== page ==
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Russia plans to buy Turkish treasury bonds via Akkuyu nuclear plant $6bn loan deal 

State-owned Rosatom plans to use loan partly to invest in the bonds as Ankara seeks to replenish its coffers
Turkish President Recep Tayyip Erdogan with workers at the Akkuyu nuclear plant on 17 September 2021 (Handout)
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Ankara

A Russian state-owned company sought a $6.1bn loan deal this week to fund the construction and development of Turkey's Akkuyu nuclear power plant, including plans to deposit some of the money with the Turkish Ministry of Treasury and Finance, according to official documents. 

In a public announcement on Monday, Rosatom Corp collected bids from potential creditors to provide a $6.1bn credit line to finance Akkuyu Nuclear JSC, its subsidiary in Turkey.

The initial credit would be $3.3bn with an option of $2.8bn of additional funds. 

The official documents suggest the money would be used for four projects, including the purchase of equipment, payment for construction and installation works, and operation of the nuclear plant and four power units with VVER-1200 reactors.

The money will also be also used for the acquisition and development of a uranium deposit in Kazakhstan, and for acquiring lithium assets abroad. 

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The official notice and the memorandum for the loan says one of the "intended uses" of the credit line would be for "temporary placement in deposits, purchase of dollar bonds of the Ministry of Treasury and Finance of the Republic of Turkey".  The intended amount is not clear. 

Rosatom’s Akkuyu Nuclear JSC also plans to use its subsidiary Atomenergoprom as the guarantor for the loan, and pledge some Turkish dollar bonds to secure the credit line if the lender agrees.

"Rosatom press service" confirmed that the company was using various mechanisms for both raising and securing the funds. 

"In this case, the loan agreement could have a possibility that the funds could be temporarily placed into Turkish treasury bonds and/or deposits until they are used for the purpose of the project," the Rosatom press service said in emailed comments to Middle East Eye. 

On Friday, Bloomberg reported that Rosatom had decided to wire $15bn to Turkey for the construction of the $20bn Akkuyu nuclear power plant, citing officials who said that an initial $5bn had already been received last week.

The officials suggested the move was a goodwill gesture by Russian President Vladimir Putin to thank Turkey for the breakthrough Ukraine grain deal brokered by Ankara this month. 

Rapidly evaporating foreign currency reserves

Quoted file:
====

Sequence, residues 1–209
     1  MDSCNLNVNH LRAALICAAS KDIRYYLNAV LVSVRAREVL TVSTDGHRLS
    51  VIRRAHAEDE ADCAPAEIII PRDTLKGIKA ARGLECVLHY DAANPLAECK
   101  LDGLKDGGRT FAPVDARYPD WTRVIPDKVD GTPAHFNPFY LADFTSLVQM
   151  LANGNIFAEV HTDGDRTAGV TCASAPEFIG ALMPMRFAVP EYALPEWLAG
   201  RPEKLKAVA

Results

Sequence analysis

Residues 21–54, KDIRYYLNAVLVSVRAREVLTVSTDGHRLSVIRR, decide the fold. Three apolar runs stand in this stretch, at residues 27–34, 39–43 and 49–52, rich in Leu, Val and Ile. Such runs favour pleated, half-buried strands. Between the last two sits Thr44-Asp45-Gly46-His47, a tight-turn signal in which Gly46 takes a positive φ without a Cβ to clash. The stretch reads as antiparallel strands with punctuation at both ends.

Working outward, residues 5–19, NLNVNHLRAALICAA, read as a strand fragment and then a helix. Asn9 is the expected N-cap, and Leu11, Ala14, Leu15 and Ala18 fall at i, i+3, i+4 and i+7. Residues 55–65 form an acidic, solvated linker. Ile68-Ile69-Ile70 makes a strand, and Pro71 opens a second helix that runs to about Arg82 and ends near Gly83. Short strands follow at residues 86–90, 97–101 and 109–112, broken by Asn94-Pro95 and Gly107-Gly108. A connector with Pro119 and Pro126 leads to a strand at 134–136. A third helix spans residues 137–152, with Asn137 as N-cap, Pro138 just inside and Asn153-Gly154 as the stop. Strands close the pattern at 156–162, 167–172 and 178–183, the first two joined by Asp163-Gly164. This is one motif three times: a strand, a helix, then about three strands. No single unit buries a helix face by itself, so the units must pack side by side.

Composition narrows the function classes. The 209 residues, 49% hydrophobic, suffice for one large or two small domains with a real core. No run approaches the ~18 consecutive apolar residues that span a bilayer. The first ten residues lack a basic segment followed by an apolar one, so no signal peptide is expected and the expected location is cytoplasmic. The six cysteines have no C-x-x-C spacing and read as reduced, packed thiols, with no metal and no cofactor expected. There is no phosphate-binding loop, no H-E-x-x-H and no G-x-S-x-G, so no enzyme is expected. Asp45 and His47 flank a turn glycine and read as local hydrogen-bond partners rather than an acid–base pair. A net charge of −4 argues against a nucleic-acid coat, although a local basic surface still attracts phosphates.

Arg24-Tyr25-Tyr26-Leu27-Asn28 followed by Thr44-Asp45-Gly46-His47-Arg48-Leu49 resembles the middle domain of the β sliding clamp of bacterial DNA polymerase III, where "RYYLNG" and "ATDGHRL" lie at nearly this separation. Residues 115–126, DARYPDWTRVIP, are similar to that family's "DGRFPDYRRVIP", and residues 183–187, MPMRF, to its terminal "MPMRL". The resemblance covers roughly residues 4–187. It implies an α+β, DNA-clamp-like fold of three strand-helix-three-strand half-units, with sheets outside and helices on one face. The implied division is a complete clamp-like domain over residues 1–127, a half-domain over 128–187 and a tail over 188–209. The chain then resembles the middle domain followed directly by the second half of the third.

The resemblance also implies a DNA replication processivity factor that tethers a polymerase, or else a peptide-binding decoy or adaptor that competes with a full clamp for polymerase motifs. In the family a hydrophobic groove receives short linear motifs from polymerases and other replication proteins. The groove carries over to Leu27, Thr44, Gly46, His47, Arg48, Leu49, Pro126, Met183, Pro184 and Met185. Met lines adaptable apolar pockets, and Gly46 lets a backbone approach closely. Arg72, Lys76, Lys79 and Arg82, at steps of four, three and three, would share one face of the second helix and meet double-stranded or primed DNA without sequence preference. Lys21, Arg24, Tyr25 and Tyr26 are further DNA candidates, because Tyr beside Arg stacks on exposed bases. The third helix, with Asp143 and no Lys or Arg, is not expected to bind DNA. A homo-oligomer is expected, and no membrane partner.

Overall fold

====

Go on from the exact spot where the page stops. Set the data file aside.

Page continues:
The Turkish government is in dire need of foreign funding as a result of its rapidly evaporating foreign currency reserves.

Rosatom is expected to spend up to $2bn quickly on overdue payments to subcontractors.

The company told Bloomberg that it would indeed transfer some funds to Turkey, but an amount much lower than that declared by Turkish officials. 

The power plant will satisfy 10 percent of Turkey's energy needs when fully operational in 2026. 

Since last year, the Turkish treasury has introduced a number of tools to help provide a lifeline to its coffers by promoting Turkish lira assets. 

In December, the treasury introduced "foreign exchange protected Turkish lira deposits" under a scheme to encourage investors to use the local currency.

The accounts, which are open to foreign investors, compensate savers if the exchange-rate depreciation exceeds the official interest rate.

Mere procedure

One source with knowledge of the matter pointed out that the bid was open for only two days, Monday and Tuesday, with the evaluation to be completed on Friday, raising the possibility that a creditor might already have been chosen and the notice was a mere procedure. 

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The timing of the bid roused interest in Turkey as Rosatom decided to pursue the credit line just one day before its subsidiary, Akkuyu Nuclear JSC, cancelled its contract with the Turkish-Russian contractor Titan2 Ic Ictas, citing several violations, ranging from security to insurance. 

Rosatom denies that two events are linked. 

In a statement, Ictas reminded the public that the company was a joint venture, including a party associated with Rosatom. 

"The attempt to cancel the contract is resulting in the removal of the Turkish partnership from the project as the contractor," Ictas said.

"There are steps to assign a Russian company as the sole alternative contractor. It is very clear that the aim is to reduce the participation of the Turkish companies within the management of the project and degrade them to subcontractor level."

'Turks are completely out'

An official document signed by Akkuyu Nuclear JSC indicates that the company will replace Titan2 Ic Ictas with TSM Enerji Insaat Limited Sirketi.

The main shareholder of TSM Eneji is Titan2 JSC, with 49 percent, which makes the company a subsidiary of Rosatom. 

One Turkish source with knowledge of the matter told MEE that Turkish workers were not allowed onto the construction site on Friday, while Russian workers associated with Titan2 Ic Ictas were granted access. 

"Turks are completely out," the source said. "That's about it."

*This article has been updated with comments by Rosatom.